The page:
Greg Knauss is an independent software developer who created Romantimatic, a reminder program for absent-minded sweethearts. You may know him from the early 2000s: from Suck.com and Metababy and Rainy Day Fun and Games for Toddler and Total Bastard, a collection of stories he promoted on what was arguably the first digital book tour. Then for a decade he toiled behind the scenes until he went out on his own. We’ll talk today about his expectations, the reality, and fear of failing–and of succeeding!
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Greg and I are both so old we remember seeing the launch of Mosaic (in different forms), the very first widely distributed graphical-user interface Web browser. Marc Andreessen and his colleagues at NCSA didn’t invent the Web, but they made it accessible.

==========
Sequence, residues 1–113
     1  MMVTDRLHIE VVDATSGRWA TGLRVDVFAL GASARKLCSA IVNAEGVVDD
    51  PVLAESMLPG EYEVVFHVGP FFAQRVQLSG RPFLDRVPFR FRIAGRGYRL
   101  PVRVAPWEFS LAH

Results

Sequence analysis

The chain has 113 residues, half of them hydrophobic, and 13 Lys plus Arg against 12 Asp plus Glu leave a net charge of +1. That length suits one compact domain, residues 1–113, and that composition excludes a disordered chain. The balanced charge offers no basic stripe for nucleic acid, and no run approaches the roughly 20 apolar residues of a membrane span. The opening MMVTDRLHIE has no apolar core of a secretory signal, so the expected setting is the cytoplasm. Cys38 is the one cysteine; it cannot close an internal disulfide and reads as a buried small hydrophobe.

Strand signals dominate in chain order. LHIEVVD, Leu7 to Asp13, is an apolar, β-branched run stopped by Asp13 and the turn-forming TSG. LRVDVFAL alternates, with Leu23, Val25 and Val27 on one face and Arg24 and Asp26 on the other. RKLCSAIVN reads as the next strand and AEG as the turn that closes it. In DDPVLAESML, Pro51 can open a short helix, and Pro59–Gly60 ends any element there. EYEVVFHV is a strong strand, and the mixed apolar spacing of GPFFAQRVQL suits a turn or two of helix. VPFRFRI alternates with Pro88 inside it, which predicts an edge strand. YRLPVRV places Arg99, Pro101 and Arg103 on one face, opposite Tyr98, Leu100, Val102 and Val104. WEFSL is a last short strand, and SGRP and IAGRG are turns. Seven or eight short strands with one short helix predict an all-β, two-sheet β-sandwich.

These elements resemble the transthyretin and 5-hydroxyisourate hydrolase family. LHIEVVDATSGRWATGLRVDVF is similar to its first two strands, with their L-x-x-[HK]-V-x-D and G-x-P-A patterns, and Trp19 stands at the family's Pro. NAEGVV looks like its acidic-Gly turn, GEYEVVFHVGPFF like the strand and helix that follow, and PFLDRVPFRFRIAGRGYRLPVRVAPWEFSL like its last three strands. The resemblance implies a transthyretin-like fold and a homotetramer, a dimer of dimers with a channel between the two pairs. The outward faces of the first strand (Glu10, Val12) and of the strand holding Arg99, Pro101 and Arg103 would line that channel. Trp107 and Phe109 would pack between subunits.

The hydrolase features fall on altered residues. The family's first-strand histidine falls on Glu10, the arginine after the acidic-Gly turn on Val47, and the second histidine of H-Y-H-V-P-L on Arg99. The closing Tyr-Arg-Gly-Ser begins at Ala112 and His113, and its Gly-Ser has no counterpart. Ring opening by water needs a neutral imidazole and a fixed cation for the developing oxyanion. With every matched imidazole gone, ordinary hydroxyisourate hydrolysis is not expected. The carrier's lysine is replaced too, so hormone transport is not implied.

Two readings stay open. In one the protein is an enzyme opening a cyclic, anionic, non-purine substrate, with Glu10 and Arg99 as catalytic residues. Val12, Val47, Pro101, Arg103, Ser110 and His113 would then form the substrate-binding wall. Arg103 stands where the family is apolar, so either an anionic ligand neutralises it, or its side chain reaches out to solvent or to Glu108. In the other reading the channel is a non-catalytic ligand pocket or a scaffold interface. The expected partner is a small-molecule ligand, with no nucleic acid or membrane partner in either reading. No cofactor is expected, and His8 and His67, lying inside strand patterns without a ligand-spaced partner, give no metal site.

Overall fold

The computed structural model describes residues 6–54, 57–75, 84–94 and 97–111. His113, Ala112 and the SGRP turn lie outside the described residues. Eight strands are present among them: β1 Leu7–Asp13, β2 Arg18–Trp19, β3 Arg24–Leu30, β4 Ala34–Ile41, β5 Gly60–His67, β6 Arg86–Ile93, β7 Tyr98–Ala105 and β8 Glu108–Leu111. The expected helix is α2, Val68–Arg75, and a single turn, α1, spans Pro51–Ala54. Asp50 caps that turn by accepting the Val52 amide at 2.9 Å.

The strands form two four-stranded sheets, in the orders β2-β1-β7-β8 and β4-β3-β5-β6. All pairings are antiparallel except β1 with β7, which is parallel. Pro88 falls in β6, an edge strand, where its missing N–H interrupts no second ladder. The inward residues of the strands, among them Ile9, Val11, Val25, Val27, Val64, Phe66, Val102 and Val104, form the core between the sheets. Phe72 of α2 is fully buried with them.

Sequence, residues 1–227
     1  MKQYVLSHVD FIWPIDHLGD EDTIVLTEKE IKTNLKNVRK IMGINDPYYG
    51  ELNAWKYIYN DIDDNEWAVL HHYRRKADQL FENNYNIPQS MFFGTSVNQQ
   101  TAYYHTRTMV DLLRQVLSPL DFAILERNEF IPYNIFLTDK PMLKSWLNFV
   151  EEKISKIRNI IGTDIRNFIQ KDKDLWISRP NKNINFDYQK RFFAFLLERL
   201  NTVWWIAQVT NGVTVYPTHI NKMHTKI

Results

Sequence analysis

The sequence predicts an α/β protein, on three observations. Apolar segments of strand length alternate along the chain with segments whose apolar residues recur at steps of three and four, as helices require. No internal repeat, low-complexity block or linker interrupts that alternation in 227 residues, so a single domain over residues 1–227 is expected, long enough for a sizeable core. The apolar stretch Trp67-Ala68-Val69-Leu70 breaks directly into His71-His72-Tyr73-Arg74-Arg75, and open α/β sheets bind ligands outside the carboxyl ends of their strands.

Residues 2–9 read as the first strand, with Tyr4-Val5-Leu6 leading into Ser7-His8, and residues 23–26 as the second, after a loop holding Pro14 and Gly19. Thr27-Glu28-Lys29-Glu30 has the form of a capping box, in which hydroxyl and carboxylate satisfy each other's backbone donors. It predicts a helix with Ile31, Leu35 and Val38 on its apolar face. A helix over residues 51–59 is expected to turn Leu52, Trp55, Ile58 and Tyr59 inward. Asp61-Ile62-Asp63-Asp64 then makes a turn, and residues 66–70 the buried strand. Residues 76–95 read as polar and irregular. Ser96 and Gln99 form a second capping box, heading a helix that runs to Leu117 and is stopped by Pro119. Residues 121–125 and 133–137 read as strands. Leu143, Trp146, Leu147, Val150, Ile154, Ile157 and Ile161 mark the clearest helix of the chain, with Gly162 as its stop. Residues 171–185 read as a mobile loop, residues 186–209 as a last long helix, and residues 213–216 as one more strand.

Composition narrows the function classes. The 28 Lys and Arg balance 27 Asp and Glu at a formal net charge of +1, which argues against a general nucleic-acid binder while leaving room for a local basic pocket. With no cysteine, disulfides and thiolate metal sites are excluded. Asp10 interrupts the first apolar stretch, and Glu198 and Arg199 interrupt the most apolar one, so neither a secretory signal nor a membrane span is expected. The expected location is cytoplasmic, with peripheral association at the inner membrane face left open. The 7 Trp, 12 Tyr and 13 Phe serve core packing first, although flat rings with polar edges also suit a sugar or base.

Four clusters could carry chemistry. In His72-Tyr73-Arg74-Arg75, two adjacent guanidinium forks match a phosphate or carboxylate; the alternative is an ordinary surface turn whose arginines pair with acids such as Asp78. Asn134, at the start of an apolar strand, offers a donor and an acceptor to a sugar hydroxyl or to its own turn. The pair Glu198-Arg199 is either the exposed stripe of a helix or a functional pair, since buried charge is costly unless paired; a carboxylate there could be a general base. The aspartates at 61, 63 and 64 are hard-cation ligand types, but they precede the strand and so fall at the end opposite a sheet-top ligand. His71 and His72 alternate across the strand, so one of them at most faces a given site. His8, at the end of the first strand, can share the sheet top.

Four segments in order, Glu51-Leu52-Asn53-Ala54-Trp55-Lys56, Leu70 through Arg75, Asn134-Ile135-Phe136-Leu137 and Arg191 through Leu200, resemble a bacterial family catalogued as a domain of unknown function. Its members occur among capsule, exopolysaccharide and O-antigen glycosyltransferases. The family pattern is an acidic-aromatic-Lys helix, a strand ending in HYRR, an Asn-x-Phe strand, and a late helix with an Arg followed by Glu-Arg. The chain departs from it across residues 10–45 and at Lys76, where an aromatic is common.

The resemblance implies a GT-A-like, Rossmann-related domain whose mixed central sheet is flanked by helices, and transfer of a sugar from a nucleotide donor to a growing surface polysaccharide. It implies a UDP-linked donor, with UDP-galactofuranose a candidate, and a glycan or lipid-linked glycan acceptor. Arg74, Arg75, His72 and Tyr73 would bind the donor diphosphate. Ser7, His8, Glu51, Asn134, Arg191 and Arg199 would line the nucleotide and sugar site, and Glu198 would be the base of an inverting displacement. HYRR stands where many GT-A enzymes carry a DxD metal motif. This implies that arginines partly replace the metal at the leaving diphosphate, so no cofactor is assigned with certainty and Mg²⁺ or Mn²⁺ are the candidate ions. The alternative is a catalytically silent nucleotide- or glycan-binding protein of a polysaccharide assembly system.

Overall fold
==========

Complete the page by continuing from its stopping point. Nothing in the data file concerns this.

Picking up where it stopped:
Ted Nelson gets credit for creating the notion of hypertext, which he always envisioned as two-way links! The original Netscape browser let you edit pages directly. Everpix (the site that I couldn’t recall) had to shut down, despite being beloved, because the revenue didn’t match up with the cost of providing service.
Kevin Kelly and I discussed 1,000 true fans, distributed collaboration, and his book Cool Tools last week. Greg’s essay, “Talking about Failure,” covers some of the ground we discuss in this episode. Cabel Sasser’s talk about coping with panic at his firm, Panic, when things started heading a direction he didn’t want to walk down—and how he got through it. Also watch Christina Xu and Jack Conte talk about similar pressures and outcomes.
A lot of interesting thoughts came out of XOXO 2013. Frank Chimero wrote of “The Inferno of Independence.” Leah Reich discussed the value of critique in “The Uncanny Valley of Earnestness.”
Romantimatic was given a hard time by Elle, but Mashable was much more fair. Greg was also interviewed by CBC about the app.